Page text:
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It is better
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John Sumser

is more
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John Gall


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Guilt By Association

(September 23, 2002) - Witch hunts are a standard American method of dealing with changes in the economy and culture. As a country, when things don't go well, we look for a scapegoat. We get particularly enthusiastic about large groups of scapegoats. For nearly a generation, the government, as a consequence of Vietnam and the Nixon disgrace, sufficed as the national scapegoat. It was a weird time during which a politician could expect to get elected by proclaiming an anti-government bias. Witch-hunts produce that sort of double-speak.

One need look no further than CNN to understand the full embrace that mainstream media is giving the current frenzy. We haven't given the membership of Al Queda this much attention. By focusing the attention on CEOs and deal makers, we're able to focus our frustrations and feelings of helplessness on scoundrels who deserve a public execution. That's just the way it was in Salem. Today's witches are every bit as guilty as they have been in the other famous witch hunts of the 19th and 20th Centuries.

Somehow, life is just better when there's someone to blame.

We believe that the current spate of revisionism and prosecution has its roots in a deeper cultural shift. After a generation of anti-government rhetoric, we are shifting back towards the center. The culture, following the disruption of our culture last September, has realized that the role of government has been shortchanged. Effective leadership or not, inherently corrupt or not, there are a number of things that only government can accomplish. Witch Hunts often signal these sorts of seismic shifts in public attitudes.

The anti-business witch hunt is going to be around for a while.

As it matures, we should be asking ourselves how deep and long it will run. As members of the same class (Business People), are we liable to be tarnished with the stink and disruption of the National purge? We know that the question sounds silly at first but ask that you suspend judgment for a moment and consider the possibility. Certainly, the high-talent class of government employees who joined in the early 1960s (at the pinnacle of the older view that Government employment was a very positive contribution) were eternally surprised and frustrated at the way their choice was tarnished by the post-Watergate view of government as incompetent at best.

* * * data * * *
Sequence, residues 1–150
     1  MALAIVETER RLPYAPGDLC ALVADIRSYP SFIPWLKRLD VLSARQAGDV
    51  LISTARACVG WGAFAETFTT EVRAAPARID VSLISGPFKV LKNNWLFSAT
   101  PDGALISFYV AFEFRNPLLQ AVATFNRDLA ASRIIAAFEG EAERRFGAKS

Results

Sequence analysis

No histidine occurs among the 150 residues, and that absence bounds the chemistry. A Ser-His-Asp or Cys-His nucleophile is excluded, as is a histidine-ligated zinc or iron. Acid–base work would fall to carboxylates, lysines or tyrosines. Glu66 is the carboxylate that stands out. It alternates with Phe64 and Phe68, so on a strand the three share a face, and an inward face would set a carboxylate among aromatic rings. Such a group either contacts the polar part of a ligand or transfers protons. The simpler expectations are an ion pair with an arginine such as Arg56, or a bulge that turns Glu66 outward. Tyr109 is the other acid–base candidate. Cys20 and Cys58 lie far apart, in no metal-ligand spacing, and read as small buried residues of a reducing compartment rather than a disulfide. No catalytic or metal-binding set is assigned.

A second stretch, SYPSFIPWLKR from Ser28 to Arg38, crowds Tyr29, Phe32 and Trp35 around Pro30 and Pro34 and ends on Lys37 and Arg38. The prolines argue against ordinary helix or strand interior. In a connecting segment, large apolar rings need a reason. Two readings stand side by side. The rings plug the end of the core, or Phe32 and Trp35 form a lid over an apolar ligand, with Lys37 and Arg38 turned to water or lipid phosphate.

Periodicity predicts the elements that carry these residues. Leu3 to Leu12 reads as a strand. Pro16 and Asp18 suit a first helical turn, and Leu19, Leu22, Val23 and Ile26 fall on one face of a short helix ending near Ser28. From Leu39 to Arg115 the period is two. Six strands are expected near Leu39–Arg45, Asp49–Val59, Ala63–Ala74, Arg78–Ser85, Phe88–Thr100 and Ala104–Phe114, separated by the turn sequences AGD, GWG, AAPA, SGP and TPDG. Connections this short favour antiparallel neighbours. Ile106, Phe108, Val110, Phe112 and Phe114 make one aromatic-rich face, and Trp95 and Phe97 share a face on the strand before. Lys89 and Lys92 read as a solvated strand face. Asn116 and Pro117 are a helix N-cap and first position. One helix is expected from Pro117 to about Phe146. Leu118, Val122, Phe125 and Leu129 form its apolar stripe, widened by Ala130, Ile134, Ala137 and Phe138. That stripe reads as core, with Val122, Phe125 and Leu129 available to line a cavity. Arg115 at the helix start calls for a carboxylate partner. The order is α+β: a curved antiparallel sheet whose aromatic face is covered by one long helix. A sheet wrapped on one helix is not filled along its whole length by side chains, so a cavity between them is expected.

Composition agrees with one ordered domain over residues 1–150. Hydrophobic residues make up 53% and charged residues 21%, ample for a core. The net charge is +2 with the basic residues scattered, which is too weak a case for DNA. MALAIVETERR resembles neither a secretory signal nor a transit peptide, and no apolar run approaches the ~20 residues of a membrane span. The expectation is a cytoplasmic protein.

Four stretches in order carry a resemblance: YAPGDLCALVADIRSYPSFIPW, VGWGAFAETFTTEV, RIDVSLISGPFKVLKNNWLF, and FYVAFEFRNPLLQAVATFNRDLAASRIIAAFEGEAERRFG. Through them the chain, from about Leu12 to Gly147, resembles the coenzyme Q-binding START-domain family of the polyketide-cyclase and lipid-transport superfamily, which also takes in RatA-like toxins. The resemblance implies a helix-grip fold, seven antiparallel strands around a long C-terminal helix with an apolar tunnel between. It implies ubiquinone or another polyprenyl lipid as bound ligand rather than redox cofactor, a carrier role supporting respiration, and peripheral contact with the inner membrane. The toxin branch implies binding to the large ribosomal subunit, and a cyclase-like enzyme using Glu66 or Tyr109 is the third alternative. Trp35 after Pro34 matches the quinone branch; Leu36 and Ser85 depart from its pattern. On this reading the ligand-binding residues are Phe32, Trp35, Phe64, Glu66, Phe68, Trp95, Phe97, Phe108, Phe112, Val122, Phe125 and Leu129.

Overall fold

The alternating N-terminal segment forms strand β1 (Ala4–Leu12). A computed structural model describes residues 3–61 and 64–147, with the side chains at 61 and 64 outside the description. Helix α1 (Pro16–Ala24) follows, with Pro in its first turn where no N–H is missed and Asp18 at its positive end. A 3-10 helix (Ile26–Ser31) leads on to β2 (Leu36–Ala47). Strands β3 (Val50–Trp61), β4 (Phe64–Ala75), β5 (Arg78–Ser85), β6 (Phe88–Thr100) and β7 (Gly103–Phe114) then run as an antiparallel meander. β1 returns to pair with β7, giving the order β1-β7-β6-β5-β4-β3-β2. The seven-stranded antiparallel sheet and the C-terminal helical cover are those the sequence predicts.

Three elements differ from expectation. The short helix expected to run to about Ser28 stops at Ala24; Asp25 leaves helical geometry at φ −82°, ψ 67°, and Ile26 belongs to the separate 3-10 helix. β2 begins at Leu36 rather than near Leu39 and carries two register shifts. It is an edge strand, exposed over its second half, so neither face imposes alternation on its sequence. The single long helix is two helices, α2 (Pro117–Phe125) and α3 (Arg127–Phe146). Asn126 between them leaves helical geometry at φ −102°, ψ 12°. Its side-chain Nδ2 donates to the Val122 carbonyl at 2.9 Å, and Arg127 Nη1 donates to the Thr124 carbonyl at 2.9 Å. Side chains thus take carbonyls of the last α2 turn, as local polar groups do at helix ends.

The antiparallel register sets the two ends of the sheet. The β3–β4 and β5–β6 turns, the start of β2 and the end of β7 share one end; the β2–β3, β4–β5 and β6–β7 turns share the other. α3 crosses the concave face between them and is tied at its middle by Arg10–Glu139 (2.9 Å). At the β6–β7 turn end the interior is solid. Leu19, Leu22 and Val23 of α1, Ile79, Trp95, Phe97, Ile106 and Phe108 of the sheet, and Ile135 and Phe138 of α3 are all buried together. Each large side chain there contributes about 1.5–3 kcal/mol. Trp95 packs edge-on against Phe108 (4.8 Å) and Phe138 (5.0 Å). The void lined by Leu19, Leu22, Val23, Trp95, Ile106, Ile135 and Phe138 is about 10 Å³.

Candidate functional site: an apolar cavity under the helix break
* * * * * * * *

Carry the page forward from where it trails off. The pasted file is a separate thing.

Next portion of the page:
It could happen to us. It's worth considering and preparing for if the risk is real. We see real risk in two areas of the Human Capital Management function: Compensation and Recruiting. 

After all, who do you think signed off on Jack Welch's paperwork? Who processed the loans at Tyco? Whose signature is on the bonus authorizations? Well, it's most likely going to turn out that the HR executive had to approve the compensation variances, relocation loans and bonus plans. That same HR executive held bottom-line responsibility for the pension plans and 401Ks. How far will pleading "I was just following orders" go towards chasing the witch-prosecutors away?

Compensation policy, audits, compliance and benchmarking are about to come into their own as spotlight issues.

In the Recruiting world, it is standard practice to wink at the difference between what is promised and what is delivered. This behavior, which is called fraud when it involves much smaller purchasing decisions (like a car, house or appliance), has been the hallmark of the sleazy end of the business. But, it also happens less intentionally when a generalist recruiter is telling the company story to a specialist who is about to be hired. In current Recruiting departments, there simply isn't adequate staff for everyone to know all of the details about all of the company. It's easy to imagine well-intentioned, hard working Recruiters exceeding the boundaries of propriety (and fraud statutes) in the interest of winning the heart of a potential hire. Unfortunately, staff shortages and good intentions are not a useful defense in a civil action.

It's important to remember how witch hunts work. The standard witch identification involved holding the suspect's head under water for five minutes. If she lived, she was a witch. If she died, it was a shame.

 -John Sumser

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Materials written by John Sumser © TwoColorHat. All Rights Reserved.
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